The City of Ramsey has implemented a policy to assist snowplow drivers in finding the edge of the pavement. Wooden lath is available to residents free of charge to help mark the edge of the pavement. Please pay special attention when staking corners, as they are difficult for snowplow drivers to judge.
Garbage Cans & Basketball Hoops
Please keep garbage cans and recycling containers off the street. Placing them in the driveway or behind the curb allows snowplow drivers to plow curb-to-curb and lessens the chance of tipping over containers. Basketball hoops should be removed from cul-de-sacs for the winter.
How to Set Up and Mount a Mailbox
Follow U.S. Postal Services® guidelines for installing and placing a new mailbox at your home. Make sure that your mail carrier always has a clear path to your mailbox, whether it’s by the street or mounted on your house. A mailbox with the Postmaster General's (PMG) seal of approval meets USPS size and construction standards. If you build your own mailbox or buy a custom-made one, it must meet the PMG standards. Show your local postmaster your mailbox plans or your custom-made box for approval.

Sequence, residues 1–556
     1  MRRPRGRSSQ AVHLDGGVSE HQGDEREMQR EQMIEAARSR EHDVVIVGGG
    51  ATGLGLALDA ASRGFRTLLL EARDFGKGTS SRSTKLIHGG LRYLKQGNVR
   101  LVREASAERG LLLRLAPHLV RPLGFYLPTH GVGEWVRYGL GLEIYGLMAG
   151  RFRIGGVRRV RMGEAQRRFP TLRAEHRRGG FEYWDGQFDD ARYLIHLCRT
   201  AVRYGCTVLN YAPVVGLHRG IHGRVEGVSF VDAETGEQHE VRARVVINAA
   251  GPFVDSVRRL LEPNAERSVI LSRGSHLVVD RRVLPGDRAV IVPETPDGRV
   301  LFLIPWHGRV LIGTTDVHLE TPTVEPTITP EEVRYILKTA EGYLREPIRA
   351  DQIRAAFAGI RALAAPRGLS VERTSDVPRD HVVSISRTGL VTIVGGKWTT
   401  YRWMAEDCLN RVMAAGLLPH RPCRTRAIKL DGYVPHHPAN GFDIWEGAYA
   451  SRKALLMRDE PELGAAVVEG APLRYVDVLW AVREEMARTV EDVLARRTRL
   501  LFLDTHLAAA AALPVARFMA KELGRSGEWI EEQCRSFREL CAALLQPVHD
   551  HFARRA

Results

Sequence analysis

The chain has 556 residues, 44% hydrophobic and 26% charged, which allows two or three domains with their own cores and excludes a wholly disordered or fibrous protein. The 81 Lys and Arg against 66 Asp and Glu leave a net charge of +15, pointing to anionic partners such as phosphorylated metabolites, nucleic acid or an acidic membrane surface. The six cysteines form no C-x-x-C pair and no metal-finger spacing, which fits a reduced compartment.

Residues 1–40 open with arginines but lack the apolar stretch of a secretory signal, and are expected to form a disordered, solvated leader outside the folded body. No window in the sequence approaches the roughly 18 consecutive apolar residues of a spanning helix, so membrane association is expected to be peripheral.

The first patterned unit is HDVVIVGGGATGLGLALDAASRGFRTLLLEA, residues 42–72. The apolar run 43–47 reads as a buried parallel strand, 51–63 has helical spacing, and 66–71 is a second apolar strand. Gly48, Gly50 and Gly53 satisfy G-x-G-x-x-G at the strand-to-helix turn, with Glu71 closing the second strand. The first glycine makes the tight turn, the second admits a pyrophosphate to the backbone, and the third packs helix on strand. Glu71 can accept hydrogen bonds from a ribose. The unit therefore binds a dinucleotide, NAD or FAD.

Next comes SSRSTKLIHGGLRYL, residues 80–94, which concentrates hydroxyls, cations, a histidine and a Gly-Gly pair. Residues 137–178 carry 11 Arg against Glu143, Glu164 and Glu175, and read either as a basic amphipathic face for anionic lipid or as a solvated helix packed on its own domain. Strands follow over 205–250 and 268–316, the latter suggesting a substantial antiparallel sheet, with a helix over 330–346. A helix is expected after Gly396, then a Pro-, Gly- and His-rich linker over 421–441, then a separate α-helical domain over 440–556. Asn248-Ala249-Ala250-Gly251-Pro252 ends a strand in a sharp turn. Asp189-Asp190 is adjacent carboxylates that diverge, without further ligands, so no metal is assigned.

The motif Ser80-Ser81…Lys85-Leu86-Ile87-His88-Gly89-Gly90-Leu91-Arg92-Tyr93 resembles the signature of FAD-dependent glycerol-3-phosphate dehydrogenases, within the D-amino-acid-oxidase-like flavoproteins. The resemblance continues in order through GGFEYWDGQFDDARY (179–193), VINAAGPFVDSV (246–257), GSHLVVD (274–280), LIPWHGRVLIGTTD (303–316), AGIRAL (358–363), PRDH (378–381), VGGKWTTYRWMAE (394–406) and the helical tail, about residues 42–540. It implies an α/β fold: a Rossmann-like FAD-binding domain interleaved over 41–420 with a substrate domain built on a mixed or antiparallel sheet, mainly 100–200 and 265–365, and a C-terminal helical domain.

Placing the Mailbox
Here are some helpful guidelines to follow when installing your mailbox:
- Position your mailbox 41" to 45" from the road surface to the bottom of the mailbox or point of mail entry.
- Place your mailbox 6" to 8" back from the curb. Contact your local postmaster for guidance.
- Put your house or apartment number on the mailbox.
- If your mailbox is on a different street from your house or apartment, put your full street address on the box.
Installing the Post
The best mailbox supports are stable but bend or fall away if a car hits them. The Federal Highway Administration recommends:
- A 4" x 4" wooden support or a 2"-diameter standard steel or aluminum pipe.
- Avoid unyielding and potentially dangerous supports, like heavy metal pipes, concrete posts, and farm equipment (e.g., milk cans filled with concrete).
- Bury your post no more than 24" deep.
Source: United States Post Office